Urban and regional planners develop policies and plans for the use of land and resources. They advise on the economic, environmental, social and cultural needs of particular localities or regions as they relate to the built environment and the community. They also work on large-scale projects such as new suburbs, towns, industrial areas, commercial and retail developments, urban renewal projects and transportation links.
Personal requirements for an Urban and Regional Planner
- Interested in social, economic, environmental and cultural issues
- Good oral and written communication skills
- Able to produce detailed and accurate work
- Good analytical and problem-solving skills
- Patient and logical
Education & Training for an Urban and Regional Planner
To become an urban and regional planner you usually have to study urban, regional or environmental planning at university. You may also consider other degrees that emphasise related fields such as architecture, economics, environmental management or science, geography and sociology. To get into these courses you usually need to gain your Senior Secondary Certificate of Education. Prerequisite subjects, or assumed knowledge, in one or more of English and mathematics are normally required. Universities have different prerequisites and some have flexible entry requirements. Contact the institutions you are interested in for more information.
Duties & Tasks of an Urban and Regional Planner
Urban and regional planners:
- Develop long-range objectives to cope with growth and change, in consultation with affected communities
- Perform surveys and site inspections
- Compile and analyse information on physical, economic, social, legal, political, cultural and environmental factors that affect land use
- Discuss plans with local communities, private companies and government organisations
- Consider new developments or re-developing areas and advise state and local governments about planning issues for projects such as new suburbs, transportation links, industrial estates, retail complexes and housing developments
- Draw up plans for development or re-development and evaluate proposals in terms of benefits and costs, recommending how schemes can be carried out
- Prepare urban and rural subdivision plans, taking into account various land uses, including residential, public open space, schools and shops
- Prepare and coordinate economic, social and environmental impact studies
- Provide evidence for appeals in planning disputes
- Consult with, and act as an advocate for, community groups or developers
- Assist developers to obtain planning permits
- Design strategies to guide land and resource use and development in particular locations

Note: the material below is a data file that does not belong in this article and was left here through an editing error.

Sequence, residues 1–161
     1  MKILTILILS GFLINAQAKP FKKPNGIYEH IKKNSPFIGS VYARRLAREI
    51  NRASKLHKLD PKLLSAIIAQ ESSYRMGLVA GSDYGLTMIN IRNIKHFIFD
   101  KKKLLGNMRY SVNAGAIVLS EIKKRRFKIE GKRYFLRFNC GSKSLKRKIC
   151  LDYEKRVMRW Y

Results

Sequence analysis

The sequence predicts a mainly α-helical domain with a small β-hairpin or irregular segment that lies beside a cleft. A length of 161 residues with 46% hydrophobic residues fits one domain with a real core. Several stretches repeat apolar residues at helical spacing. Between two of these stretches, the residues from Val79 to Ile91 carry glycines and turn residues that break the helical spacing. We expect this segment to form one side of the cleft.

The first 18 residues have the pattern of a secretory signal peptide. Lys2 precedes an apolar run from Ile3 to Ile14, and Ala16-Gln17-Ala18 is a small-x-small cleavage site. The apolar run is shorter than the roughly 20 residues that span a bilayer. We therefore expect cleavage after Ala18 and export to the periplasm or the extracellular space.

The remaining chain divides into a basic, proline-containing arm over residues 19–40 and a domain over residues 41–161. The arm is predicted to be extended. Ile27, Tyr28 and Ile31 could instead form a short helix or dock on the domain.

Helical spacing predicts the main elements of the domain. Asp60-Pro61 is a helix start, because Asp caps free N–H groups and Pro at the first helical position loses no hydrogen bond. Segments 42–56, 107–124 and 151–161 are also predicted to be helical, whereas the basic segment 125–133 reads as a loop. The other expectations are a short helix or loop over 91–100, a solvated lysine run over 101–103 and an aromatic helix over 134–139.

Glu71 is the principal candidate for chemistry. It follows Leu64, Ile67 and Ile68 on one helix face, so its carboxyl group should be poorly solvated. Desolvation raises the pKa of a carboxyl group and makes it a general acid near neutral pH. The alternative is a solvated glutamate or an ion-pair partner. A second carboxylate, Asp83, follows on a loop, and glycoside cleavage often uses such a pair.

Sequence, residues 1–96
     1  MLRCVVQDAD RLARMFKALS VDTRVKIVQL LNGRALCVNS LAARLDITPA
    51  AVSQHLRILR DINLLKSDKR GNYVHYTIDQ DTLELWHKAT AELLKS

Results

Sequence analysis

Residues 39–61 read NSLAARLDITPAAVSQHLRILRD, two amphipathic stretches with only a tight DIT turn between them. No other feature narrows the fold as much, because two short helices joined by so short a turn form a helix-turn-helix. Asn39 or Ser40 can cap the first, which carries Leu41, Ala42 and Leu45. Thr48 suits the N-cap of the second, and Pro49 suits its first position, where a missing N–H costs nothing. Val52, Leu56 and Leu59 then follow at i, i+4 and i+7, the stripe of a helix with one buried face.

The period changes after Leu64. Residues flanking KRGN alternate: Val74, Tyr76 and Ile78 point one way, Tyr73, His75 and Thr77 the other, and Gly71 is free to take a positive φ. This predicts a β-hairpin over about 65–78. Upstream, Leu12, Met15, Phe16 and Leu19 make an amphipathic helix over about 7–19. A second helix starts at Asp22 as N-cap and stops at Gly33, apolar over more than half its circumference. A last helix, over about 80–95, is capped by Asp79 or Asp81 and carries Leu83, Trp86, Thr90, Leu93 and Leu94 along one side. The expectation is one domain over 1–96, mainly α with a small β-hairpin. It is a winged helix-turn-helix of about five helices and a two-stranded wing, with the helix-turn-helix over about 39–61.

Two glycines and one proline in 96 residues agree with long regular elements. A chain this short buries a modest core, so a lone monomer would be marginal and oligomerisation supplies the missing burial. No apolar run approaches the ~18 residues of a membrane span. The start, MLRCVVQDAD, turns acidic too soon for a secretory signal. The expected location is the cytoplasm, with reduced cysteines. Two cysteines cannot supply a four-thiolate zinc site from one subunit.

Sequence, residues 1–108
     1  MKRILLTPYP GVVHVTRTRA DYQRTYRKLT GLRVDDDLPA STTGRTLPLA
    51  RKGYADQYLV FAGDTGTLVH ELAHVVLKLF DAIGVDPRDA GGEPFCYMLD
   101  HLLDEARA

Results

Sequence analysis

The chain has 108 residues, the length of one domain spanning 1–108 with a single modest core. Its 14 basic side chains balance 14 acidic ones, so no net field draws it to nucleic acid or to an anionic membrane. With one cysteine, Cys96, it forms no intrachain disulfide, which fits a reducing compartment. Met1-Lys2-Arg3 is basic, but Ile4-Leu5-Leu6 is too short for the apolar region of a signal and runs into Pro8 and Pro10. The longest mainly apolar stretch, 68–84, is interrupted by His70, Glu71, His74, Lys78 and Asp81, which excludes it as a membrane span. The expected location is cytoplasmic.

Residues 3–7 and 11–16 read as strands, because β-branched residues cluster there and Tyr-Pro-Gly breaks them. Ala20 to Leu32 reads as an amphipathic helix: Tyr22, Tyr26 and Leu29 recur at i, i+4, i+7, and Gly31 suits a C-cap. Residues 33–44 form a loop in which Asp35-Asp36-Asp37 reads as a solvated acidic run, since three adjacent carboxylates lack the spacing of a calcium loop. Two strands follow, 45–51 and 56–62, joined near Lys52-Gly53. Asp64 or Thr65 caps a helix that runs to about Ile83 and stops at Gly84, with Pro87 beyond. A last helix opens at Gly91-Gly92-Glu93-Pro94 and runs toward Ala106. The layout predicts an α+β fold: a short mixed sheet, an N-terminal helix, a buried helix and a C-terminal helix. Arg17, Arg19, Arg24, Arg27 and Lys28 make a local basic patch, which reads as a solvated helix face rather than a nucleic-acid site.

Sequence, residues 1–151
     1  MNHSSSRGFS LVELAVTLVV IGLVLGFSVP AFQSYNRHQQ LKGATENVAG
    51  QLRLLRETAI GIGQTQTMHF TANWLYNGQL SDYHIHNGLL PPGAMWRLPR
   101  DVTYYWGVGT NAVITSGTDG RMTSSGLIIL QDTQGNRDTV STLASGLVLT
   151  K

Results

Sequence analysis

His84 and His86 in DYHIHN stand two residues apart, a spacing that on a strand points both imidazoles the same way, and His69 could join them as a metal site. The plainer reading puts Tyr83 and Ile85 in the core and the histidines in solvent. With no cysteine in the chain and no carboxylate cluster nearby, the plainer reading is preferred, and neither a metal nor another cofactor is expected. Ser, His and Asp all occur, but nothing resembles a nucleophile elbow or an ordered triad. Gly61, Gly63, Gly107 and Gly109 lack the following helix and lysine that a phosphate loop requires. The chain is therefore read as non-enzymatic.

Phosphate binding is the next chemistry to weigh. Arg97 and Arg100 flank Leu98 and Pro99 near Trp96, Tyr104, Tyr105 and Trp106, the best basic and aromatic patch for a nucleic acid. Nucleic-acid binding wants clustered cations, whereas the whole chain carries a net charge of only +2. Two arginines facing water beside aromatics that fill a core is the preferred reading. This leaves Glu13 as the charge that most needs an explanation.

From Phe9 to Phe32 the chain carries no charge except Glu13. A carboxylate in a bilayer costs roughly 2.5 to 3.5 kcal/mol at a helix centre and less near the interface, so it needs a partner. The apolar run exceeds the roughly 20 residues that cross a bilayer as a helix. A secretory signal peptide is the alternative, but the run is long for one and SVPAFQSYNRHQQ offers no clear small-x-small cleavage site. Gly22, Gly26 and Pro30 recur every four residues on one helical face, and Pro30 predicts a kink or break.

- Recommend a course of action that ensures local and regional needs will be met, by taking into account factors such as amenity, community facilities, access to employment, retail housing and transport
- Supervise and work with associates and technicians.
- Staying up-to-date with changes in building and zoning codes, regulations and other legal issues.
- Devising and recommending use and development of land, and presenting narrative and graphic plans, programs and designs to groups and individuals.
- May speak at public meetings and appear before government to explain planning proposals.
- Reviewing and evaluating environmental impact reports.
- Advising governments and organisations on urban and regional planning and resource planning.
- Compiling and analysing data on economic, legal, political, cultural, demographic, sociological, physical and environmental factors affecting land use.
- May serve as mediators in disputes over planning proposals and projects.
- Conferring with government authorities, communities, Architects, social scientists, Legal Professionals, and planning, development and environmental specialists.
Working conditions for an Urban and Regional Planner
Planners work closely with professionals in other fields (such as surveying, urban design, architecture, engineering, environment and conservation, property development, community services and transport planning). There is a high level of public contact as planners spend a lot of time in meetings and discussions. Time is also spent on field visits, writing reports and performing research. Planners are required to prepare documentation of decisions for independent review and are often called upon to appear as expert witnesses before appeal hearings.
Employment Opportunities for an Urban and Regional Planner
The majority of urban and regional planners work in metropolitan areas and regional centres. However, the number of opportunities available in country areas is growing.
A transportation planner balances public and private transport to avoid congestion in cities.
Urban and Regional Planner
Urban and regional planners develop policies and plans for the use of land and resources. They advise on the economic, environmental, social and cultural needs of particular localities or regions as they relate to the built environment and the community. They also work on large-scale projects such as new suburbs, towns, industrial areas, commercial and retail developments, urban renewal projects and transportation links. Planning is a broadly based discipline and it is possible to specialise in a wide range of fields, including strategic planning, urban design, environmental impact assessment, residential planning, commercial and industrial planning, heritage planning, tourism planning and social planning.
Skill level rating
Very high skill
Employment by state ACT: 1.1%
Age brackets 15-19: 0.1%
65 and Over: 2.8%
Education level Advanced Diploma/Diploma: 5.9%
Bachelor degree: 47.9%
Below Year 10: 0%
Certificate III/IV: 3%
Post Graduate/Graduate Diploma or Graduate Certificate: 36.8%
Year 10 and below: 0.8%
Year 11: 0.6%
Year 12: 4.9%
Years 11 & 10: 0%